At the airport, she recognizes how different Iran is from Austria. Donning her veil once more to go out, she takes in the 65-foot murals of martyrs, rebel slogans, and the streets renamed after the dead. At home, her father tells her the horrors of the war and they talk deep into the night. After hearing what her parents had gone through while she was away in Vienna, she resolves never to tell them of her time there. However, her trauma from Austria makes her fall into depression forcing her to attempt suicide twice. When she survives, she takes it as a sign to live and starts her process of recovery by looking after her health and taking up a job.

Following her return to Iran Marji meets Reza, also a painter, and they soon begin to date. In 1991 Reza proposes marriage to Marji, and after some contemplation, she accepts. Her mother, Taji, warns her that she has gotten married too young and she soon realizes that she feels trapped in the role of a permanent wife. Later on in 1994 Marji confides in her friend, Farnaz, that she no longer loves Reza and wants a divorce. Farnaz advises her to stay together because divorced women are socially scorned, but her grandmother urges her to get a divorce. After much contemplation, Marji decides to separate with a reluctant Reza. She goes to her parents and tells them about her and Reza's divorce and they comment on how proud they are of her and suggest that she should leave Iran permanently and live a better life back in Europe.

In late 1994 before her departure for Europe, Marji visits the countryside outside of Tehran, the Caspian Sea, the grave of her grandfather, and the prison building where her uncle Anoosh is buried. In the autumn, Marji along with her parents and grandmother go to Mehrabad Airport for their final goodbye as she heads off to live in Paris.

Character list[edit]

  • Persepolis: The Story of A Childhood
    • Marjane (main character): nicknamed Marji- a strong girl who follows her parents' footsteps. Marjane's view of the world changes as she matures, but remains a rebellious fighter—actions which sometimes get her into trouble.
    • Mrs. Satrapi (Marjane's mother): Taji is a passionate woman, who is upset with the way things are going in Iran, including the elimination of personal freedoms, and violent attacks on innocent people. She actively takes part in her local government by attending many protests.
    • Mr. Satrapi, Ebi, or Eby (Marjane's father): He also takes part in many political protests with Taji. He takes photographs of riots, which was illegal and very dangerous, if caught.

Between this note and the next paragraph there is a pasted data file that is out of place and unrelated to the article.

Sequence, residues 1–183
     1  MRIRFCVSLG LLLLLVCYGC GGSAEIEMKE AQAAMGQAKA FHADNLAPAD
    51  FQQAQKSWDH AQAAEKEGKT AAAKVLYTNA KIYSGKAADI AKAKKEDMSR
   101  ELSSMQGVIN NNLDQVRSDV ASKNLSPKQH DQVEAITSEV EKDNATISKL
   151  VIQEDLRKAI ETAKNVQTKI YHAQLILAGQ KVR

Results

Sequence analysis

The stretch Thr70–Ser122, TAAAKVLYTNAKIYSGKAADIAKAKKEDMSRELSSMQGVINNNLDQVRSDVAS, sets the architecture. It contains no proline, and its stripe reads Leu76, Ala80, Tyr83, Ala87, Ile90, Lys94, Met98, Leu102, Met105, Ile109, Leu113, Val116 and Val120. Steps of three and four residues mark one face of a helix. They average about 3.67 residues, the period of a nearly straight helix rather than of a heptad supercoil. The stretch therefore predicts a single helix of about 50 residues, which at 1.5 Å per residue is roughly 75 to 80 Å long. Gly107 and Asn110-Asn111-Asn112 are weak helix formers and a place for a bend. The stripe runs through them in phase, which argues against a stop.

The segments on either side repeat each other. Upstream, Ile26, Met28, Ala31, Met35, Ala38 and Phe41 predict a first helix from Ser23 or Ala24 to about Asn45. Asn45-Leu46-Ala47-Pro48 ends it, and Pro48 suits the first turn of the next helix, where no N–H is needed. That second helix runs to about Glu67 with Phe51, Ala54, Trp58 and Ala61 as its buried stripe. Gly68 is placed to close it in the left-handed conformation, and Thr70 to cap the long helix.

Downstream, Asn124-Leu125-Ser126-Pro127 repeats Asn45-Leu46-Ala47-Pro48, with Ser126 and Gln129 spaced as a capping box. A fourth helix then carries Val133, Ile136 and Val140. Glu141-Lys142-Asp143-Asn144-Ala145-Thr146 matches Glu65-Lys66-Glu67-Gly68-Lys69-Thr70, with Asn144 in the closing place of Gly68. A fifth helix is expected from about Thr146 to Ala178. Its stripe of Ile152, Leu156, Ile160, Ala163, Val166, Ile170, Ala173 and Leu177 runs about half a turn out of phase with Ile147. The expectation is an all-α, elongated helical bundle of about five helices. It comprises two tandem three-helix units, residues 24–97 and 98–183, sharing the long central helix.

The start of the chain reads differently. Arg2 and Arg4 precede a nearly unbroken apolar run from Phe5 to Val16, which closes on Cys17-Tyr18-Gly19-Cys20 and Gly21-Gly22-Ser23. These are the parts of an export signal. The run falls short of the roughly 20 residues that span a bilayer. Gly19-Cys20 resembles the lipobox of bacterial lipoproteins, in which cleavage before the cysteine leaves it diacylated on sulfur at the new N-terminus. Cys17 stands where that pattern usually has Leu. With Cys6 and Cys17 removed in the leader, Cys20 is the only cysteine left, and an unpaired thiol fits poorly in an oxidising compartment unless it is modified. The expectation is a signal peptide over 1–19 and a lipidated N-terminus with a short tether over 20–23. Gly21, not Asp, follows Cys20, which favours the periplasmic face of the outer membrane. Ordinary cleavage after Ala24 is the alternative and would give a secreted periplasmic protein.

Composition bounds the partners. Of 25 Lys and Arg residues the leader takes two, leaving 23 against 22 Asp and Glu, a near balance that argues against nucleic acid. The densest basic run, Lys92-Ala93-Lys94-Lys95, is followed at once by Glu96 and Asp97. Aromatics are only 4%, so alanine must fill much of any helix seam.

• Marjane's Grandmother: Marjane's Grandmother develops a close relationship with Marjane. She enjoys telling Marjane stories of her past, and Marjane's Grandfather.
    • Uncle Anoosh is Marjane's father's brother. At 18, he joined his paternal uncle Fereydoon, who had linkage to Iranian Azerbaijan, proclaiming independence from Shah's Iran. In response to the Shah's regime, Anoosh fled Iran to the Soviet Union. In 1970 he returned to Iran in disguise where he got arrested and spent nine years in prison. He was let out due to the shah’s overthrow and Marjane met him for the first time- she saw him as a hero, they develop a close relationship and is eventually executed by the new Islamic revolutionary authorities.
    • Mehridia: Mahrida, Marjane's house's maid, became friends with Marjane during her childhood. She had a secret relationship with the neighbor boy who was from a higher social class.
  • Characters only in Persepolis: The Story of A Return
    • Julie: A teenage friend and schoolmate of Marjane's who takes her in when she is kicked out of the Catholic boarding facility in Vienna. Raised by a single mother, Julie is four years older than Marjane and the two become close friends. Julie is already sexually active with different men and very open, blunt, and direct about sex, unlike teenage Marjane who is sexually timid and still a virgin
    • Reza: Marjane's husband who she had a socially strained relationship with. They were divorced after two years of marriage.[4]

Genre/Style[edit]

Persepolis is a non-fictional graphic autobiography, or a graphic novel based on Satrapi's life. The genre of graphic novels can be traced back to 1986 with Art Spiegelman’s depiction of the Holocaust through the use of cartoon images of mice and cats. Later, writers such as Aaron McGruder and Ho Che Anderson used graphic novels to discuss themes such as Sudanese orphans and civil rights movements. This genre has become an appropriate forum for examining critical matters by using illustrations to discuss foreign topics, such as those discussed in Persepolis.[5] The “graphic novel” label is not so much a single mindset as a coalition of interests that happen to agree on one thing—that comics deserve more respect.[6] Naghibi and O'Malley believe that Persepolis is part of a larger movement of autobiographical books by Iranian women.[7] Satrapi wrote Persepolis in a black-and-white format: "the dialogue, which has the rhythms of workaday family conversations and the bright curiosity of a child's questions, is often darkened by the heavy black-and-white drawings".[8] The use of a graphic novel has become much more predominant in the wake of events such as the Arab Spring and the Green Movement, as this genre employs both literature and imagery to discuss these historical movements.[4] In an interview titled "Why I Wrote Persepolis",[9] Marjane Satrapi said that "graphic novels are not traditional literature, but that does not mean they are second-rate."[10]

Persepolis uses visual literacy through its comics to enhance the message of the text. Visual literacy stems from the belief that pictures can be "read."[11] As defined by the Encyclopedia of the Social and Cultural Foundations of Education, "Visual literacy traces its roots to linguistic literacy, based on the idea that educating people to understand the codes and contexts of language leads to an ability to read and comprehend written and spoken verbal communication."[12]

Analysis[edit]